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Propositional knowledge and the enigma of realism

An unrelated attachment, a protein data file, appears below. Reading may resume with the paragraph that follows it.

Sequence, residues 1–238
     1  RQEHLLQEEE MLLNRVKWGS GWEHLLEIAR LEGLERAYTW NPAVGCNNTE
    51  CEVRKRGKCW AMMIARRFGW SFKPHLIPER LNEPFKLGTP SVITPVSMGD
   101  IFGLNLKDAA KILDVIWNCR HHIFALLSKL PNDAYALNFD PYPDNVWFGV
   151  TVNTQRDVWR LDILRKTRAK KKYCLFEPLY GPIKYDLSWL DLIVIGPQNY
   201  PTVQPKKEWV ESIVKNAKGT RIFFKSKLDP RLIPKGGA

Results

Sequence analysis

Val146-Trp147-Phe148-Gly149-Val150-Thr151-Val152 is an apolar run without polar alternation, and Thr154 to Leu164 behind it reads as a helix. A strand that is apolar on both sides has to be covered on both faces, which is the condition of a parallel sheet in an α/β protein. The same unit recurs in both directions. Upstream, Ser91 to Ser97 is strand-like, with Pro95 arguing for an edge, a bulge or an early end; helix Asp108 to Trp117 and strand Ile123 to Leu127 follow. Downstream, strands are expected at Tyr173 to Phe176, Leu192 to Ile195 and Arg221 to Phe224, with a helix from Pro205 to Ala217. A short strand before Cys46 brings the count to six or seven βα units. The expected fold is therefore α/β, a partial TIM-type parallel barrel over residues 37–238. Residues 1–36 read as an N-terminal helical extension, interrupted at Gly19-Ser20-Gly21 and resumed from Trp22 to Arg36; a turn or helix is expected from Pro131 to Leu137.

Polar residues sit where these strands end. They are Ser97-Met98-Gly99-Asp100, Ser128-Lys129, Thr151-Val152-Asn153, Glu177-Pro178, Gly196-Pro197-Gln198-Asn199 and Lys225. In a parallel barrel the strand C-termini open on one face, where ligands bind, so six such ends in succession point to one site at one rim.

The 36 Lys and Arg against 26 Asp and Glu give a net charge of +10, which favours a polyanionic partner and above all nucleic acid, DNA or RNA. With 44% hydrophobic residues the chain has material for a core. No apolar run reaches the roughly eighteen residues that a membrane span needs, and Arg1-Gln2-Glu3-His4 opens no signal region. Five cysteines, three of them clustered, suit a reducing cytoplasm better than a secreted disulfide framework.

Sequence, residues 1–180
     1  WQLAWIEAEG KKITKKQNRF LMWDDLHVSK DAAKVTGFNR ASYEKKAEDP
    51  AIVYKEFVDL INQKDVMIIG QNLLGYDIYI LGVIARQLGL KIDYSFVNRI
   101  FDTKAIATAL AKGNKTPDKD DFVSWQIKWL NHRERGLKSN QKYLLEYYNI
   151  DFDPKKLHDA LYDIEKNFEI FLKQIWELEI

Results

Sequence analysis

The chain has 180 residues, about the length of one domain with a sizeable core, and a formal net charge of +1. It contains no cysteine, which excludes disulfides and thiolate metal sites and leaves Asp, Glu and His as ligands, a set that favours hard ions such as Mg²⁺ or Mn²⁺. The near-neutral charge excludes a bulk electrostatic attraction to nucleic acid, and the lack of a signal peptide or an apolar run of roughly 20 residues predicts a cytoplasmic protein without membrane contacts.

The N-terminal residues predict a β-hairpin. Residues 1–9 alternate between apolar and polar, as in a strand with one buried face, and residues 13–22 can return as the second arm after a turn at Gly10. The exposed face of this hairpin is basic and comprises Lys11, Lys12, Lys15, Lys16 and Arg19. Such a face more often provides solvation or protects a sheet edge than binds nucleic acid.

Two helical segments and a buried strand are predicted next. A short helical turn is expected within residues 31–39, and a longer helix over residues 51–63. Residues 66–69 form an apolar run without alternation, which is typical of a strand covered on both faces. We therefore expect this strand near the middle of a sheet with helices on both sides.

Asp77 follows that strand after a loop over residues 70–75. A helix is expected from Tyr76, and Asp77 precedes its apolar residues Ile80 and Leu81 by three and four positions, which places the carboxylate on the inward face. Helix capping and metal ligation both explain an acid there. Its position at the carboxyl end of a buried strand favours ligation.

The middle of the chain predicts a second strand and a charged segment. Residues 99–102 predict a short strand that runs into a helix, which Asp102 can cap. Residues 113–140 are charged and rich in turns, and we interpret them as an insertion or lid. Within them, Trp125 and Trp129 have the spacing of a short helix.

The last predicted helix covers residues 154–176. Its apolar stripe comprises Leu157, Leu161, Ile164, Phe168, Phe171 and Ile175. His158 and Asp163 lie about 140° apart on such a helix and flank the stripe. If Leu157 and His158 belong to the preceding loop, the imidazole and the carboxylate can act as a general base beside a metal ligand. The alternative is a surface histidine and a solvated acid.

This article deals with the philosophical problem of how to conceive reality. The dif culty consists in nding a middle way between the claim that reality is unconceptualised reality and the claim that there is no difference between what is real and what we experience as real. In this regard, the pragmatic tradition in philosophy promises to provide us with some fruitful ideas for steering a path between the two. The author applies some of these ideas in developing a pragmatic realist philosophy of religion which is not reductionist and therefore acceptable for religious as well as non-religious philosophers of religion. First, he gives a very short summary of pragmatism as background to his proposal. Second, in contrast to the notion of realism in the pragmatic tradition he sketches the presuppositions of what is labelled religious or theological realism in present analytic philosophy of religion. Third, he distinguishes between ontological commitments that are metaphysical in character and ontological commitments that are not, drawing on Rudolf Carnap's idea of the difference between internal and external questions of existence. Fourth, he presents Hilary Putnam's criticism of a metaphysically realist conception of existence and fth, Putnam's defence of what he calls internal realism. Sixth, he puts forward a pragmatic idea of the difference between observational experiences and existential ones in our lives. Finally, he applies this pragmatic philosophy of religion to the question of whether it is reasonable to claim that belief in God presupposes God's existence.